by Derek Cornet

It was a golden day Nov. 25 as community members celebrated the deep history of Jubilee Elementary School in Meadow Lake.

In spirit of the school’s 50th anniversary, staff and students arrived for the day dressed as if it was 1965. And, just like 50 years ago, a special assembly was held to commemorate its service to the community.

Back then, Jubilee – which was named in honour of Saskatchewan’s Diamond Jubilee since becoming a province – was known as a stunning piece of architecture for its round design. A newspaper article at the time states, at its grand opening in November 1965, government officials hoped the school would allow future generations to successfully meet the complex problems and ever-changing demands of the space age.

“This building has been part of Meadow Lake for 50 years and has made a very positive impact for our community,” current Jubilee principal Darryl Pearson said. “I look at it and feel honoured, particularly thinking of the legacy of Jubilee and being part of Jubilee at this time.”

The round-style school was the first to be built in Saskatchewan and cost close to $260,000. On opening day, 293 students were enrolled between Grades 5-8  and were taught by a staff of 10 teachers. Meadow Lake resident Tom Gray was a Grade 6 teacher during the inaugural year and remembers how eager he was to be in front of a chalkboard.

“I was 19 years old and I was pretty excited about it,” Gray remarked. “It was the first classroom I had in my career. I really enjoyed that first year.”

Gray went on to say how happy the new staff and students felt to be in a new school. Before the 1982 addition, the gymnasium was in the space the current library occupies and staff always tried to use the circular area because students enjoyed it.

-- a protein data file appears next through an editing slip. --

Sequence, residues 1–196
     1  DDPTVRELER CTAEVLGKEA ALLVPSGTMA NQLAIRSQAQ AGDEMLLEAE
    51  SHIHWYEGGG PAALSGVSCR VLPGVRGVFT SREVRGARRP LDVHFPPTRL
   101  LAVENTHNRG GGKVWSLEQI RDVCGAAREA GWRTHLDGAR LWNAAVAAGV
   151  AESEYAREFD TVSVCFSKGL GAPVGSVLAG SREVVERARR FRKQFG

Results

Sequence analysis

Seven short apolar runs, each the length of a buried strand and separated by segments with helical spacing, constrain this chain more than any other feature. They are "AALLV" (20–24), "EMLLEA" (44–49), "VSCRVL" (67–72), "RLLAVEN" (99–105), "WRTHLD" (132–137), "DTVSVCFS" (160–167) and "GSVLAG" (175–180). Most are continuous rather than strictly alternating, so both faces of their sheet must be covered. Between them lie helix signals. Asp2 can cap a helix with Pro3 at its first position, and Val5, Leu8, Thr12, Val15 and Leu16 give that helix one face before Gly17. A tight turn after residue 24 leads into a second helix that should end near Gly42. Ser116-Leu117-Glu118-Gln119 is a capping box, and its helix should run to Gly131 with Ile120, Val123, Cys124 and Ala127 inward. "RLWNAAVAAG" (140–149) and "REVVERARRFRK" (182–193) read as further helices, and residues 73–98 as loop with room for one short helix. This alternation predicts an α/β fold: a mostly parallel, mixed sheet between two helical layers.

“I can’t imagine it’s been 50 years because it certainly doesn’t feel that long,” Gray said. “I see the school today and I’m proud of the fact they’ve kept it. It looks almost as good as the day it was built.”

Jubilee teacher Cara Ludwig also has fond memories of the school. She was a student there between 1993-1998 and her grandmother, Margaret English, was also one of the school’s first teachers. Now that Ludwig’s on the other side of the desk, she said there have been many changes since her time as a student such as better outdoor equipment, more after school activities and a new family centre.

“It still has that homey, welcoming vibe it always did,” Ludwig added. “They did a lot of updates and kept up with the times.”

As for Jubilee’s unique design, Pearson said interest has largely waned and students don’t seem to appreciate the architecture like they once did. But, he added, the special attribute isn’t forgotten.

“We find sometimes when people come into the building – because it’s round – they get confused and sometimes get lost in the circle and they may have to do another lap before they find where they need to go,” Pearson noted.

The Nov. 25 festivities ended with students and staff coming together for cupcakes and to sing Happy Birthday. A come and go tea was held in the evening where attendees enjoyed a piece of cake.

 

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